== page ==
Literacy programmes aren’t just about ability to read and write. It has to do with cultivating of minds to independently function, create or identify opportunities and explore their potential. It’s no secret that the gap between the rich and poor is maintained by the sanctioned ignorance of the majority. We must be kept preoccupied with the most basic of concerns that anything besides food, clothing, and shelter is a luxury. 

 In the book How Marxism Work, Chris Harman shows how necessary it is to keep the majority illiterate for a capitalist state to thrive. 

“The majority of the earth’s population were too busy scratching the soil for a meagre living to have time to develop systems of writing and reading, to create works of art, to build ships to trade, to plot the course of the stars, to discover the rudiments of mathematics, to work out when rivers would flood or how irrigation channels should be constructed. These things could only happen if some of the necessities of life were seized from the mass of the population and used to maintain a privileged minority which did not have to toil from sunrise to sunrise.”

Where to from here:

The United Nations Educational, Scientific and Cultural Organization (UNESCO) defines literacy as the “ability to identify, understand, interpret, create, communicate and compute, using printed and written materials associated with varying contexts”. Literacy involves a continuum of learning in enabling individuals to achieve their goals, to develop their knowledge and potential, and to participate fully in their community and wider society. Source: Wikipedia

Okay, with this above definition in mind the UNESCO rates 770 million adults as illiterate in the world, 20% of whom are in Sub-Sahara Africa. South Africa & Zimbabwe score above 80% in adult literacy, whilst the region of Burkina Faso, Mali, Chad, and Ethiopia, have adult literacy rates below 50%

One of the indicators of human development has always been literacy, but with the global illiteracy being halved between 1970 and 2010 from 40s to 80s in percentage other studies have begun to inform the broader scope of indicators. There’s definitely much more opportunity for the less developed world to improve literacy rates due to the effects of globalization, this has also increased the demand for knowledge-based workers. I do believe that the bulk of the work rests on the public education system but still acknowledge that our governments are grossly incapacitated to carry such a burden, and therefore must explore nonconventional literacy initiatives to prepare more people for the skills demand of future economies.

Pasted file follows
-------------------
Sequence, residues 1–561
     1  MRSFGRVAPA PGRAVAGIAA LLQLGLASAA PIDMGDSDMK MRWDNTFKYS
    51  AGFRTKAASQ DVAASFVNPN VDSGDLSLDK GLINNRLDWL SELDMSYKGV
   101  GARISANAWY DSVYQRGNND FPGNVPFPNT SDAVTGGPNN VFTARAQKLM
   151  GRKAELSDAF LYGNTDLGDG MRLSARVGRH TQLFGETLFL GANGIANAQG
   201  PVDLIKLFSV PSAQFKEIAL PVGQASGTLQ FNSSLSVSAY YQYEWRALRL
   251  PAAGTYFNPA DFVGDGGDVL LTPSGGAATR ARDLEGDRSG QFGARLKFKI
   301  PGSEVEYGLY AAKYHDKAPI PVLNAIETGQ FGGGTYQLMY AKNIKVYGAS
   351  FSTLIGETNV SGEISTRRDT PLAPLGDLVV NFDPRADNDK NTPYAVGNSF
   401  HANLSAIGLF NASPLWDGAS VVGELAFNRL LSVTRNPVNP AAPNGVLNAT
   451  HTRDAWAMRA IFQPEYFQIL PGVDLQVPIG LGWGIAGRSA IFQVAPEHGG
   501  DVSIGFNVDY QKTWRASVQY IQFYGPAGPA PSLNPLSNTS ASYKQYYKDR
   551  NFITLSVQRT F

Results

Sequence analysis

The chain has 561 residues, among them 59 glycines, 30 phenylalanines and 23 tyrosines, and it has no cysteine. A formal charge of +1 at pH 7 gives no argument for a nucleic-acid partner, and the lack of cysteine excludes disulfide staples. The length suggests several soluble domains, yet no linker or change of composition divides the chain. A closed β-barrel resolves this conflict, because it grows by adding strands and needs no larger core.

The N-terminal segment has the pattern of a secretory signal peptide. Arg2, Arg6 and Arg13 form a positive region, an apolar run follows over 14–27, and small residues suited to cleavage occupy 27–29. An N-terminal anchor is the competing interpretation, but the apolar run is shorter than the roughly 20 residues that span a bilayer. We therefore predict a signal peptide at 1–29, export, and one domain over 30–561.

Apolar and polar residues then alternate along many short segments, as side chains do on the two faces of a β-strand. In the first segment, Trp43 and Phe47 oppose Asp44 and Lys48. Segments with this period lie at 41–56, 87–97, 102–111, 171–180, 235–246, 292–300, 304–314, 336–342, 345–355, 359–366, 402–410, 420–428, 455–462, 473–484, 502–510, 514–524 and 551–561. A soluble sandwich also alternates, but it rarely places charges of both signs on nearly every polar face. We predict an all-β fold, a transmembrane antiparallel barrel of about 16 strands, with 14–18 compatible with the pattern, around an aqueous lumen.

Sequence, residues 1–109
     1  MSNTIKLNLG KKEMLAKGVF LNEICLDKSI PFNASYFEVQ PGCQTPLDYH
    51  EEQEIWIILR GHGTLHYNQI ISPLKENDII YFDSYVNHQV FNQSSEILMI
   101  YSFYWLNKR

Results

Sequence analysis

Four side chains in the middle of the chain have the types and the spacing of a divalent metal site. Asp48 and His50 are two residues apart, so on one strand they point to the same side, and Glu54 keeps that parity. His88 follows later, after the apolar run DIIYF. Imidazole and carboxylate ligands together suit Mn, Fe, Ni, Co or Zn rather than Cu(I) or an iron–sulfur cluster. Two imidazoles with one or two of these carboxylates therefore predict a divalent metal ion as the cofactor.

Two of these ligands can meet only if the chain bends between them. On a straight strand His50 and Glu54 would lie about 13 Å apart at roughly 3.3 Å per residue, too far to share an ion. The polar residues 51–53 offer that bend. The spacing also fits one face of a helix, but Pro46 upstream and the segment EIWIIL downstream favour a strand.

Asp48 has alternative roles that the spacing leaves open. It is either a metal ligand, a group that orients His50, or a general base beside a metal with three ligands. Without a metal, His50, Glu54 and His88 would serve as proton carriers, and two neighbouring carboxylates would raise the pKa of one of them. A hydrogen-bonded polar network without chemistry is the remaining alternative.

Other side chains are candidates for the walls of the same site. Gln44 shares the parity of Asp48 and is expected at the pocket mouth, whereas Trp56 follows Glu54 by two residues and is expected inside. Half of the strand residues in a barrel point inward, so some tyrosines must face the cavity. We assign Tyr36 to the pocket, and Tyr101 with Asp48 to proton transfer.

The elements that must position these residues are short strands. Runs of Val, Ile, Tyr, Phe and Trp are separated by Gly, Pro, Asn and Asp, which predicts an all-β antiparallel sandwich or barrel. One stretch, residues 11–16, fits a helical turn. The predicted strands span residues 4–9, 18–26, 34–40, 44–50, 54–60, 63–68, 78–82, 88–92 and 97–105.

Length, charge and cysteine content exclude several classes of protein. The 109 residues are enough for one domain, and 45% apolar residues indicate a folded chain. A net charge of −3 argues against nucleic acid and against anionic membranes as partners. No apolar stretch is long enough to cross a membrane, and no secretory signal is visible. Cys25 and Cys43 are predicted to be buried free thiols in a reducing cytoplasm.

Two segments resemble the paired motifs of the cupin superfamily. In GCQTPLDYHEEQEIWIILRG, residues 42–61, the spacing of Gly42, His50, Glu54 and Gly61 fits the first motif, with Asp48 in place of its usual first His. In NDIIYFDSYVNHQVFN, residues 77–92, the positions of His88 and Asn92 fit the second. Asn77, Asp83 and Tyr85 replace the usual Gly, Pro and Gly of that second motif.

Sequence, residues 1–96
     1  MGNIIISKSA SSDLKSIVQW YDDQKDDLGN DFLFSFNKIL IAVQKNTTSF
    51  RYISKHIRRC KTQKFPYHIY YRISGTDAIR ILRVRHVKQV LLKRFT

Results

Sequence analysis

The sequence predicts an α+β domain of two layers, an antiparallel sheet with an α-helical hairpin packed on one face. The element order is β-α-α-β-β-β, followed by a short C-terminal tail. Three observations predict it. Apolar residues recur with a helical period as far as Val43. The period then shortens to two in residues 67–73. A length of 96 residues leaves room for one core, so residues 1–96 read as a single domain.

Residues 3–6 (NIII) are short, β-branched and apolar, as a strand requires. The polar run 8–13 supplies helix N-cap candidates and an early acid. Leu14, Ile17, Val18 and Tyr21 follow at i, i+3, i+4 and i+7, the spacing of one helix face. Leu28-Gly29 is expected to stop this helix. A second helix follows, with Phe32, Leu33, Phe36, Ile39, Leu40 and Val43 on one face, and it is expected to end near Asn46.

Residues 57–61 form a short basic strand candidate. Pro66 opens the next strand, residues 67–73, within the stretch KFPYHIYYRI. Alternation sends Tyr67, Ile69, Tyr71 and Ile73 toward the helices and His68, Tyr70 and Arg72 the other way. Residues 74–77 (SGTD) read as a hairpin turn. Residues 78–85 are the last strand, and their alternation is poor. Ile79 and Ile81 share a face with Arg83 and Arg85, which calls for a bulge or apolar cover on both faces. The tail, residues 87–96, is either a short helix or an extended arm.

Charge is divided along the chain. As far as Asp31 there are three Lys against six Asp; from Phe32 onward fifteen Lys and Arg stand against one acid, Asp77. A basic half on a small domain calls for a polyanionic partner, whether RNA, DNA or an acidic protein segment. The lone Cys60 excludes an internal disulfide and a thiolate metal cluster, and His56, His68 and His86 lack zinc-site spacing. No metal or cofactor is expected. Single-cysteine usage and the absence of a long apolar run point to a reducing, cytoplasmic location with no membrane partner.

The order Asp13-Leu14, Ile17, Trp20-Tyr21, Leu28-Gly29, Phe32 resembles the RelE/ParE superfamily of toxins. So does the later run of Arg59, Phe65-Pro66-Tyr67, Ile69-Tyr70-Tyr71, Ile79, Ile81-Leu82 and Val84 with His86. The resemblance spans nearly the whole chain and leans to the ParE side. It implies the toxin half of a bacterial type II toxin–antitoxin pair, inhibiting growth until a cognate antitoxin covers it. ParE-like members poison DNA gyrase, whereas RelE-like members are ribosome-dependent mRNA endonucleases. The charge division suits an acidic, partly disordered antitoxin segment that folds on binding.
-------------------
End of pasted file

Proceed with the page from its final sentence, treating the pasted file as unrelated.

The literacy improvement project is the responsibility of non-governmental organs, the first and most important being the family. If the family is dysfunctional the next best option should be an organ which is driven by forces within the community. The idea of community has changed to groupings based on interests more than demographics, so this makes for greater opportunity for peer education channels to be created. For example if 20 of us living in different parts of Soweto are interested in reading it’s easier to form an organisation around that interest than canvassing for members from one geographic area which might yield less than 20 people. 

There’s greater access to skills transfer than we think, a bunch of courses available online and organisations offering training and mentorships at no cost. This only needs champions to curate these resources according to an identified need per region or community. 

Our government departments can’t be left out of the equation, the quality of education taught at township schools must be challenged, and the methodologies must be rid of. E.g. Afrikaans being used as the only secondary-additional language in “good schools” is a colonial exclusion tactic that must be addressed. 

Professor Ken Robinson suggests that the archaic hierarchy of subjects which put maths and science at the top and creative subjects at the bottom must be completely done away with. Simply because in the last 3 decades evidence shows we’ve needed more creative solutions to problems created by the less creative people at the top. 

South Korea according to the world economic forum is a starling example of how early literacy program investments have direct impact in the economy. They’ve broken it down to a measurable science, ensuring a national return on investments by ensuring that children and young adults are fully literate for them to contribute much to society and participate in the economy productively. 

 We must rid our countries of the old capitalist rule of keeping people stupid so they’re easier to use as tools. The violence, deaths, disease and general instability which always results from this fascist way doesn’t make for a sustainable governing of a country. The wellness of a people is directly linked to the wellness of the country and how women, the first teachers are treated. 

Copyright Daliwonga Pantshwa